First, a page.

There’s a lot I don’t remember from this time in my life, but one thing that remains clear in my memory is my mother’s power. Though my father wanted her to stay home, she rebelled because she wanted her choices to be her own. When she was the only woman amongst men, I witnessed her work twice as hard under the hot sun without any special equipment. All she had were her hands. My mom fought back in her own way to continue doing the work she loved and, in the process, she raised a daughter who wanted to do the same. A daughter who wanted her choices to be her own, who wanted a power all her own.
While growing up in graveyards acclimated me to the idea of death, it did not prepare me for when I’d have to face death. Yes, I spent a stretch of my formative years surrounded by cemeteries, but those grounds were not my home. They felt separate from my inner world and sanctuary, until they weren’t when, at age thirteen, I witnessed my grandmother die a slow death at the hand of stomach cancer.
Once again, my mother stepped up as the intermediary between myself and death. In less than a year, my grandmother lost her abilities and my mother took over. She acted as her mother’s caretaker, exercising her power in a different way this time around. As my mom devoted her life force to the woman who birthed her, there was no time for her to guide me as she’d done before. With our graveyard lessons as a foundation, I alone had to reconcile that death could be found outside the cemetery. Death was no longer an idea, or part of someone else’s story.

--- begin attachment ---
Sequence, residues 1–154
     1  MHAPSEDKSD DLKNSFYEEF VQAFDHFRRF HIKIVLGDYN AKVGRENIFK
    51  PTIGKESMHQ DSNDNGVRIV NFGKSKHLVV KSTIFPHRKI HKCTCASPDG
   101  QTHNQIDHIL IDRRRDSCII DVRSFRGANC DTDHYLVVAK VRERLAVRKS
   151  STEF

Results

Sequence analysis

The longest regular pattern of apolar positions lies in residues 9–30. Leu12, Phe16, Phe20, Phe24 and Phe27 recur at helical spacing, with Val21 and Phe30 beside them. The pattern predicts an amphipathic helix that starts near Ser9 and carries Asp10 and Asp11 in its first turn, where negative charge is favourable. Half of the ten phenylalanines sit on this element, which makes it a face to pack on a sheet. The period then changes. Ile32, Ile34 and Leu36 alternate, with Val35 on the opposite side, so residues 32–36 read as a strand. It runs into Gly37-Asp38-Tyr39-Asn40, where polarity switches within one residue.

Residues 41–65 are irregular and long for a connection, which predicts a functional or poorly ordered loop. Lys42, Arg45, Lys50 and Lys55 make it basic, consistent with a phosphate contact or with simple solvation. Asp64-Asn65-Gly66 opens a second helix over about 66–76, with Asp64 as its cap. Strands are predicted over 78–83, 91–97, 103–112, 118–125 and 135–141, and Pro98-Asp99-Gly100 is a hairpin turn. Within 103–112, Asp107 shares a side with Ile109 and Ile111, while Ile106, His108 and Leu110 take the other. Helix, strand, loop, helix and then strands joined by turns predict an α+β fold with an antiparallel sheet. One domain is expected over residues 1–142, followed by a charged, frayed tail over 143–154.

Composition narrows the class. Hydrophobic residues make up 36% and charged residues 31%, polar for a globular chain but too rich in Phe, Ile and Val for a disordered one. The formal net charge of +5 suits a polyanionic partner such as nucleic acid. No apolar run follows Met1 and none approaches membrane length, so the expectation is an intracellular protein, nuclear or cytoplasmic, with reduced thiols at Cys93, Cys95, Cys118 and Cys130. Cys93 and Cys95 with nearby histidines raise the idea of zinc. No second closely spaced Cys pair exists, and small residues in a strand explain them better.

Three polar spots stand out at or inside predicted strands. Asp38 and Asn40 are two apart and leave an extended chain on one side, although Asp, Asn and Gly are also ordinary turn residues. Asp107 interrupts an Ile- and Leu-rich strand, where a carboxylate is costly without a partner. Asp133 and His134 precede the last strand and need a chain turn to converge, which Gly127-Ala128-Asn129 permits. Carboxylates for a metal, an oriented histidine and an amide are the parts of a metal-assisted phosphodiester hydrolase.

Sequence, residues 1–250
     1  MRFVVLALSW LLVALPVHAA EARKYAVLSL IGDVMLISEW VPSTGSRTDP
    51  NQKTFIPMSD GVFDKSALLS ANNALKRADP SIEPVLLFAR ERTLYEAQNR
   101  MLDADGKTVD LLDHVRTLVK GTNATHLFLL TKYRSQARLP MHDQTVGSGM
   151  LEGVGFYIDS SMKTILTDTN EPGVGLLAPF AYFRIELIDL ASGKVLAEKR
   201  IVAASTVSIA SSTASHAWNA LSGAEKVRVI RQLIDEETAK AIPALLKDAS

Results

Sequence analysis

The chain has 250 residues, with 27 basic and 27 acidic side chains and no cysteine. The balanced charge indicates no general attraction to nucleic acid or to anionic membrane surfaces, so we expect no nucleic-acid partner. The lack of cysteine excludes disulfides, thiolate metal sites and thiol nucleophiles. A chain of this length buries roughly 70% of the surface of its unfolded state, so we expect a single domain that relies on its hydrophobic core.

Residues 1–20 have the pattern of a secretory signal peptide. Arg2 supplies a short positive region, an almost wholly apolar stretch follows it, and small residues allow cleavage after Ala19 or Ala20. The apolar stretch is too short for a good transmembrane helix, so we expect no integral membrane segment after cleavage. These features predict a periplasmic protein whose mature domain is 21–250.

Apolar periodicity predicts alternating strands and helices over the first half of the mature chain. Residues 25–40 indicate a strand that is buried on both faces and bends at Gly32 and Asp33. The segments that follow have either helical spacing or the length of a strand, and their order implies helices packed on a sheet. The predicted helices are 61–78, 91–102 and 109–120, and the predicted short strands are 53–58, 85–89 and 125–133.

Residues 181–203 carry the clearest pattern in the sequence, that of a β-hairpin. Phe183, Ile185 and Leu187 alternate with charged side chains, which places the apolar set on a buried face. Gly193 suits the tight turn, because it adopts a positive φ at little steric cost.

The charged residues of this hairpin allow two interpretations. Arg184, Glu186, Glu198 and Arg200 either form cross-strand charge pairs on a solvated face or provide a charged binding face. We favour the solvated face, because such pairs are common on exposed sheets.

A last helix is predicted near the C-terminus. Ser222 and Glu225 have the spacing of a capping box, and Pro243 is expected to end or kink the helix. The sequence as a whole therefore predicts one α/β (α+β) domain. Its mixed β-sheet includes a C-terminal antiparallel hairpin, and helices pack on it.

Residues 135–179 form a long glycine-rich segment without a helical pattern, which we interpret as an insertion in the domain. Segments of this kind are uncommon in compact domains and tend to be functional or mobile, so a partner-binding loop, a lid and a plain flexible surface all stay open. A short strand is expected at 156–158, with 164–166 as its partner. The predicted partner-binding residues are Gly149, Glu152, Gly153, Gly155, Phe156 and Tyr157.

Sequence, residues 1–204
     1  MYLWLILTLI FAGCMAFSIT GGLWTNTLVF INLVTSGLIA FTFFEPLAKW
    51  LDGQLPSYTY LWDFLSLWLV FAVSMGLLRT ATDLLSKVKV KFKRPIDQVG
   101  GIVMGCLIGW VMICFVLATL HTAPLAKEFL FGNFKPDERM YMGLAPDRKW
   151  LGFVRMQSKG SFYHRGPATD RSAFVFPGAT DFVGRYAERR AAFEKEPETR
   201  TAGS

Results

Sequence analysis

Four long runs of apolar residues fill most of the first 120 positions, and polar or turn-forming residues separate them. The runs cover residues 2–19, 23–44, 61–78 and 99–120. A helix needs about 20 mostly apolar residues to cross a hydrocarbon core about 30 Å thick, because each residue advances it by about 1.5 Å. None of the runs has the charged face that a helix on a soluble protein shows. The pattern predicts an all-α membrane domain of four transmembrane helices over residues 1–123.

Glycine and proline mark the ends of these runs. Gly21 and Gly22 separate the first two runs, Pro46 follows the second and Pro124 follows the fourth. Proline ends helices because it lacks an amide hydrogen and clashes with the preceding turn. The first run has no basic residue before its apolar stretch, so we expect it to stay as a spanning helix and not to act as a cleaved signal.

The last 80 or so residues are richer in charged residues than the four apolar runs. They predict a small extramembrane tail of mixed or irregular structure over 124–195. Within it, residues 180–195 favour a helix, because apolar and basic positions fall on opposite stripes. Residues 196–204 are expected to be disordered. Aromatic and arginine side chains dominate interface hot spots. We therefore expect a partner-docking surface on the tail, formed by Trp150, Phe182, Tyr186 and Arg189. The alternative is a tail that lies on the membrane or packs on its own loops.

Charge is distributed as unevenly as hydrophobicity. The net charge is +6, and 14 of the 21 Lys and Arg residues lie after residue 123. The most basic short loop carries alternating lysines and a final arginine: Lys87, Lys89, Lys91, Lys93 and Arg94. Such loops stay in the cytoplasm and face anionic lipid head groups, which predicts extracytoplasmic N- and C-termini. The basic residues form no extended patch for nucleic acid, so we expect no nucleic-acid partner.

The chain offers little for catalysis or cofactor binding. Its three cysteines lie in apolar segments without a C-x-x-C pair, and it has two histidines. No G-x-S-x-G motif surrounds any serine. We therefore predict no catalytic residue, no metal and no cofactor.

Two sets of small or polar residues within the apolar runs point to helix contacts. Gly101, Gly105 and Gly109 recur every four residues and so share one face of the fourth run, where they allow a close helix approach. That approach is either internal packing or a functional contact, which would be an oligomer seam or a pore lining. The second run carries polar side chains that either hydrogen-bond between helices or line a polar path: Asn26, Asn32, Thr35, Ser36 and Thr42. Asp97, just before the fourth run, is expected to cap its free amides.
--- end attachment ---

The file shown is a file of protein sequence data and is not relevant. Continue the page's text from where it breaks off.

Two months prior to her passing, when she still had her voice, my grandmother would repeatedly whisper my name. I was the only person she remembered. This thought ran a marathon through my mind the day she died. When I jolted awake that night, all I could think about was this and the candle wasp. After it stung me, I’m told that I sat down on my mom’s canvas messenger bag and quizzically touched the spot above my left eyebrow. I didn’t cry, not knowing that I had something to fear. The next thing I actually remember is my mom scooping me up in her arms and rushing me to the car. She drove me to my grandparents’ house, where I was deposited in my grandma’s arms. It was up to her to decide if I’d survive without medical attention.
Once she examined the stinger’s target and every other inch of my sunblock-covered body, my grandmother stated, “You’re lucky you’re strong.” She then rubbed some ointment on my forehead and insisted that my mom get back to work.
I was strong for handling what could have killed me, for grasping death culture without fear. But no amount of strength could have prepared me for the fact that death can and will touch those I love—no matter how much power they hold. Despite the endless gravestones that spring forth from the early timeline of my life, none would have made me comfortable with this lesson that could not be taught.
Following her passing, I found it fitting that my grandmother resides in one of the cemeteries I frequented as a child, though she is not buried there. She instead lies within a cremation niche, meaning that my mother need not put on her sunflower gloves and care for this matriarch’s section of the earth. When we do visit, we bring a bouquet of the flowers my grandma grew in her garden, and I feel a pang of nostalgia masked by a certain kind of understanding. Because now when I leave the graveyard, I’m aware that I’m leaving a part of myself behind. Those gates no longer separate me from the other side.